This month, Post takes a look at the latest developments in nonlinear editing systems, focusing specifically on high definition solutions. As a magazine, we're in a position to get in-depth demonstrations on pretty much every NLE out there.
Personally, I've seen demos of pretty much all the SD tools available today, and most of the HD ones as well. Trade shows and special press meetings afford us those opportunities, and be it a high-end system from the likes of Sony, Avid or Quantel, or a lower-cost application from Adobe, Apple and Ulead (or Sony and Avid too), all of them have left me saying to myself, "Pretty cool!"
That being the case, I can't imagine having to pick just one if I had to. Yet, everyday, that?s a decision a typical facility is faced with.
Last month, in this space, I reported on LA Digital Post's new New York operation. The facility/rental house invested heavily in Avid systems - 40 of them - most on the PC platform. So how did they make the decision to go with PC-based Avid Meridien and Adrenalines?
VP/GM Jason Dunkel says it was their clients that ultimately dictated what they would buy. As an operation that caters to editors, many of their customers are freelancers hired through production companies. These freelancers tend to be Avid knowledgeable, says Dunkel, so that manufacturer's releases were a natural decision. But why PC? While the Mac is a popular choice for Avid systems because of the company's history, Dunkel says LA Digital first adopted Symphony on PC and later found the Adrenaline PC systems worked a little better than their Mac counterparts.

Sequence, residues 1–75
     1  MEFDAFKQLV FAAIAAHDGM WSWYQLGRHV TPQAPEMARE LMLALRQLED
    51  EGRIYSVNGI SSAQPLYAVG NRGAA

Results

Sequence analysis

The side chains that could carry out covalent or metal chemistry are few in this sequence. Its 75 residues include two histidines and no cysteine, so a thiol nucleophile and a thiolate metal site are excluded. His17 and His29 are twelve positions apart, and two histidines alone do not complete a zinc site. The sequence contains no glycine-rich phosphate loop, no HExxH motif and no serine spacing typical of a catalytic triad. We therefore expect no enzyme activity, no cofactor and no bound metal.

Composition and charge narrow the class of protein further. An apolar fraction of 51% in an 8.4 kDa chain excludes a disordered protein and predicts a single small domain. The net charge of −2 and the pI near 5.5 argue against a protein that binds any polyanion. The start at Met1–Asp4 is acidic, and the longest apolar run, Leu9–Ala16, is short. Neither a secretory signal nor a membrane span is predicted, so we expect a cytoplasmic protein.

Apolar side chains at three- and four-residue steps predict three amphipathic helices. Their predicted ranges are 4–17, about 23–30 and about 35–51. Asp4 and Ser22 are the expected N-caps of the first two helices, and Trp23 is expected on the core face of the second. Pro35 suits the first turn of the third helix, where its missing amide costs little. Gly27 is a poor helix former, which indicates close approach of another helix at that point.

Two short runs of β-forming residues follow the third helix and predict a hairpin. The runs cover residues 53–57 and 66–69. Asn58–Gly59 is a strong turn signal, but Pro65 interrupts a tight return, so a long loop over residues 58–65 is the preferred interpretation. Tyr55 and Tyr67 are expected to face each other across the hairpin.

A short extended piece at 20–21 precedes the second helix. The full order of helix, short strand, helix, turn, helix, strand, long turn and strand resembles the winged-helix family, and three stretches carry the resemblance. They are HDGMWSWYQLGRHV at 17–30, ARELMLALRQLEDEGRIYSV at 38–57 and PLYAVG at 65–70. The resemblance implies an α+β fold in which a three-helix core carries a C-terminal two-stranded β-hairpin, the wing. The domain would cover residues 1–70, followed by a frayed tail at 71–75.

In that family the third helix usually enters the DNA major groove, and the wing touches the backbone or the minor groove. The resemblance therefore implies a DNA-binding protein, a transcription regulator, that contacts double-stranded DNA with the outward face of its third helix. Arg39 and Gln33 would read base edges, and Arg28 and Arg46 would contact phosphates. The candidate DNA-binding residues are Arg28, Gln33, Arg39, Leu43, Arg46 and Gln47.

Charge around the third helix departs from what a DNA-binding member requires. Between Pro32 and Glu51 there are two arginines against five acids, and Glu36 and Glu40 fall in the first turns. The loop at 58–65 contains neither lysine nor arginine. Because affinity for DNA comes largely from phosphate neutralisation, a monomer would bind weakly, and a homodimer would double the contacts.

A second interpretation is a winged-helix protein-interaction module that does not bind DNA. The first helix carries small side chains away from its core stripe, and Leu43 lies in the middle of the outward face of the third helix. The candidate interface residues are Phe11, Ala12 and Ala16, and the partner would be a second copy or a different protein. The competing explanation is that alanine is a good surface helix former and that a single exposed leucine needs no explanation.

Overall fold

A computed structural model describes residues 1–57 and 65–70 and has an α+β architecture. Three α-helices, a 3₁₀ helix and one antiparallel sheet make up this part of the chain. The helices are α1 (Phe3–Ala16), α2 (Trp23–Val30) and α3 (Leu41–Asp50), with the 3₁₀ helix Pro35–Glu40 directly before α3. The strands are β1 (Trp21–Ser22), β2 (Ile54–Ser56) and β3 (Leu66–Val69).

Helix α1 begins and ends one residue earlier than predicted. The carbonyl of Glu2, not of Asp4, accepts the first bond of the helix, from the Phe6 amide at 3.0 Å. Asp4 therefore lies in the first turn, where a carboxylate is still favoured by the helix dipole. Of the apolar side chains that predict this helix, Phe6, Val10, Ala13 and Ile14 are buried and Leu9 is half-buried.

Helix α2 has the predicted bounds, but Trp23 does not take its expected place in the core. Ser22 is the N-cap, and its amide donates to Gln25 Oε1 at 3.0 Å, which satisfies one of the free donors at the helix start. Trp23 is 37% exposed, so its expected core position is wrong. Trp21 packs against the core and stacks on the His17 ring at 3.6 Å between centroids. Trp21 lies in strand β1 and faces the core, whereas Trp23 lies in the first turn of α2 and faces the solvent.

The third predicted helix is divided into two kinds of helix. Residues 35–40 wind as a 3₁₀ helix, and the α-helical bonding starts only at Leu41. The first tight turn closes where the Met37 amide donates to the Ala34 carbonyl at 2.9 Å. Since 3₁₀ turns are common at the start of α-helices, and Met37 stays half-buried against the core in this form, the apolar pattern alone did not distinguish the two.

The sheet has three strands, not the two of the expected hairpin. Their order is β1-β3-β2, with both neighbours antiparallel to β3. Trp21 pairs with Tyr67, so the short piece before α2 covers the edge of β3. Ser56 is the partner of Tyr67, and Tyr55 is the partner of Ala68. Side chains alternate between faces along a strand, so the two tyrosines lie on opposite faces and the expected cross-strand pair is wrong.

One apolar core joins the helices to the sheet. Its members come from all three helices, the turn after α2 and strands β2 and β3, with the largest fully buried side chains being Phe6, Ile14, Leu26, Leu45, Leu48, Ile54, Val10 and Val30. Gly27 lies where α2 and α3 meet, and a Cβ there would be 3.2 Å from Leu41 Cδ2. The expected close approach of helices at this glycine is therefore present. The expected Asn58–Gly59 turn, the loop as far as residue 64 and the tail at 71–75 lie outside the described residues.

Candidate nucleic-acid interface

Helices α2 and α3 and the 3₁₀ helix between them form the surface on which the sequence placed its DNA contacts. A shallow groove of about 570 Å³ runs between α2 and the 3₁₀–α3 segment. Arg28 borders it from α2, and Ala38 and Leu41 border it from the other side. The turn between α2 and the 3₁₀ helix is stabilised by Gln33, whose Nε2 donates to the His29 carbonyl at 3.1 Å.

Lucha Libre is another facility whose business is based around nonlinear editing systems. The studio recently set up shop in Santa Monica - with plans to expand to New York and Miami too - and is specifically targeting the Hispanic commercial market with creative editorial services. Founded by Natalia Berry, Lucha Libre is home to several Apple Final Cut Pro systems, even though its veteran editors have deep-rooted experience with Avid NLEs. "I feel it?s a bit more intuitive and versatile," says Berry of Final Cut Pro. "And by the time you trick it out, it's nowhere near what a maxed out Avid costs."
Berry sounded pretty comfortable with her decision to go with Final Cut.
"We're having success with it."